ICOPLAST Award of Excellence: Robert Dijkman

Netherlands / The Netherlands Society of Plastic Surgery

Thumb strength and manual ability in radial polydactyly types II and IV


Purpose: The aims of this international multicenter study were to quantify strength impairment in radial polydactyly types II and IV, to assess which factors affect thumbs strength, and to evaluate the impact of thumb strength impairment on manual ability.

Methods: Postoperative thumb strength was measured in patients with unilateral radial polydactyly type II and IV. Strength of the unaffected contralateral side was used as the reference. Radial polydactyly type, hand dominance, thenar hypoplasia, number of surgeries, sex, age at follow-up, duration of follow-up, instability, and thumb size were evaluated as determinants of thumb strength. Self-reported manual ability was measured using the ABILHAND-kids questionnaire.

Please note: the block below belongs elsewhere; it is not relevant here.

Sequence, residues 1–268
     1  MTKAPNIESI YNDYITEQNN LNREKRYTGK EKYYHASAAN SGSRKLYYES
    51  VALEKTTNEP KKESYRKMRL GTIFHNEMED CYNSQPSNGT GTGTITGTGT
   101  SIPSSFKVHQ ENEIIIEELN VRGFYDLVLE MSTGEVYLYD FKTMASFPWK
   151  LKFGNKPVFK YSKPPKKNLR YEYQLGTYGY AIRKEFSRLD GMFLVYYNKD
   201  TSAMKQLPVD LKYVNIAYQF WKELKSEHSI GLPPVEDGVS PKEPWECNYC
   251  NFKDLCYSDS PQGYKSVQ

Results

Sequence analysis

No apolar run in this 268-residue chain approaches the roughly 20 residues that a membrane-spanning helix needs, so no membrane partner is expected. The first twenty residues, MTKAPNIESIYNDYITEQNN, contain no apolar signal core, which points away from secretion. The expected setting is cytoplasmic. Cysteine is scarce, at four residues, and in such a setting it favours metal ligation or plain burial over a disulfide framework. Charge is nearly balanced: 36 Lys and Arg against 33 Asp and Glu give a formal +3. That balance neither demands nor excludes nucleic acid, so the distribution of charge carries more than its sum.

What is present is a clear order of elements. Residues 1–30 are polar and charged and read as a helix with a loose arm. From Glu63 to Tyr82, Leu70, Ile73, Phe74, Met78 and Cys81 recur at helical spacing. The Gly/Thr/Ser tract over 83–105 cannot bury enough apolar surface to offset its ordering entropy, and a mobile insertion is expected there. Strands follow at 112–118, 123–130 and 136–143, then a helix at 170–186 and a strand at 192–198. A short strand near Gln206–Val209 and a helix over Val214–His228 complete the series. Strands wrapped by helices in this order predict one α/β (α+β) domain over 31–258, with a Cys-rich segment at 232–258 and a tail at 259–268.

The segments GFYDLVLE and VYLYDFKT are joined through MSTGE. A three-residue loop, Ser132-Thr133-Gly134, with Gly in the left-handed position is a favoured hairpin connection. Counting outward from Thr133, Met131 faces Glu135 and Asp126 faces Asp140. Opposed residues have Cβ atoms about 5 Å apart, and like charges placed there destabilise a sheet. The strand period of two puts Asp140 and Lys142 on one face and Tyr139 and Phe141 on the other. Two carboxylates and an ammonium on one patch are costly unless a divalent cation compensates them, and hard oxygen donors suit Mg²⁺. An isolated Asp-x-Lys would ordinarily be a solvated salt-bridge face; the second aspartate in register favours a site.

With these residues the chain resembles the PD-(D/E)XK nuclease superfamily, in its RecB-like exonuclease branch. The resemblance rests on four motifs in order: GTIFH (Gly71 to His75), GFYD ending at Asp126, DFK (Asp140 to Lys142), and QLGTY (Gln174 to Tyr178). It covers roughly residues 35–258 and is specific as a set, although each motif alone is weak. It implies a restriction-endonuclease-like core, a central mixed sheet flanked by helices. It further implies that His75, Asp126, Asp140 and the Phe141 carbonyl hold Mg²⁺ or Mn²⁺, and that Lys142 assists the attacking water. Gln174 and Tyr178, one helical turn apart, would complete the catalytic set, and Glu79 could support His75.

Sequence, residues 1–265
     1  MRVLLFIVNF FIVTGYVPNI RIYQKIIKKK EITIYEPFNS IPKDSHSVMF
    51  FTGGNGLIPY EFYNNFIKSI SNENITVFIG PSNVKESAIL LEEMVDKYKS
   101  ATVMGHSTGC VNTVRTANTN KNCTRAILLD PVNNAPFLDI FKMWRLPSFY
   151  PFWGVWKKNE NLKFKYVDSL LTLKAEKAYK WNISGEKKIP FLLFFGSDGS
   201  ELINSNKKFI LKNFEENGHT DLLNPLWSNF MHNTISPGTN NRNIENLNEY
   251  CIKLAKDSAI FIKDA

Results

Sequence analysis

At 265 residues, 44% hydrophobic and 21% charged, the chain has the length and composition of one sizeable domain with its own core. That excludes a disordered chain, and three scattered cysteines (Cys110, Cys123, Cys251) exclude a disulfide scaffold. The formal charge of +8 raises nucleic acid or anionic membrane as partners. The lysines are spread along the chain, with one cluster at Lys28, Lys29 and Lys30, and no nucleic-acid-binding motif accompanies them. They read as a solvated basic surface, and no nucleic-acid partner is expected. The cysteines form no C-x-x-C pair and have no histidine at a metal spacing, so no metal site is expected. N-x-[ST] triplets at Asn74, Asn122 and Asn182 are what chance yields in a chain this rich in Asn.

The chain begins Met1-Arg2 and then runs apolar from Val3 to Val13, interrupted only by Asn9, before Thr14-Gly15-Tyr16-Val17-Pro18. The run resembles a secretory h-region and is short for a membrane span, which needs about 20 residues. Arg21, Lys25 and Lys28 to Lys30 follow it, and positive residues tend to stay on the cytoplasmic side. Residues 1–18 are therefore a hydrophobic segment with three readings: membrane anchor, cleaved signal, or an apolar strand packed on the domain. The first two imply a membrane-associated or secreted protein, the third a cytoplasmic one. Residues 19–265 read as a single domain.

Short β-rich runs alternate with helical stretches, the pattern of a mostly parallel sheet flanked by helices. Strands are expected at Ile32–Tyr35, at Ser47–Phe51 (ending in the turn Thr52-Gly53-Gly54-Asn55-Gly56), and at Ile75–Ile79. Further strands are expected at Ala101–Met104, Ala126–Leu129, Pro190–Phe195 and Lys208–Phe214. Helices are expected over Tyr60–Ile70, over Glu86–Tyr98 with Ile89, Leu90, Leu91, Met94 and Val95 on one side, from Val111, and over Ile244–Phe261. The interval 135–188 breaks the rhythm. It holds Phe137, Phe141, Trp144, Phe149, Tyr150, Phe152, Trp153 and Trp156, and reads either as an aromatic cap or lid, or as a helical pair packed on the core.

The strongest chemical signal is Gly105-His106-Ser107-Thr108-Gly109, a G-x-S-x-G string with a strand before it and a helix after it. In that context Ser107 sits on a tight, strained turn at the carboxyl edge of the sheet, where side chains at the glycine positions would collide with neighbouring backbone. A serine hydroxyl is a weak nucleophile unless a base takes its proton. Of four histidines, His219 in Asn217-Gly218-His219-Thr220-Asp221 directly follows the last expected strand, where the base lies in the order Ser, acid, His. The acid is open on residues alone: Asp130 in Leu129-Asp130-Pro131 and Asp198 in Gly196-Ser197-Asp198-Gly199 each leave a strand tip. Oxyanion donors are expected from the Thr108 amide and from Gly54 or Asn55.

Results: In the 80 patients included in this study, thumb strength was impaired to 86% – 94% of the unaffected contralateral thumb. Strength impairment was influenced by hand dominance, thumb size, and number of surgeries. Thumbs were 10% – 29% stronger on an affected dominant hand, compared to thumbs on an affected non-dominant hand, with exception of metacarpophalangeal joint flexion strength. Increased thumb size was positively correlated with pinch strengths, whereas increased number of surgeries showed a negative correlation. Forty-three (54%) patients attained the maximum score in the ABILHAND-kids questionnaire. There was no correlation between relative thumb strength and manual ability.

Conclusions: The small but statistically significant strength impairment of radial polydactyly patients does not impair their perceived manual ability. Strength is better in radial polydactyly cases with an affected dominant hand and in cases with relatively larger thumbs, while need for revision surgeries is associated with greater strength impairment.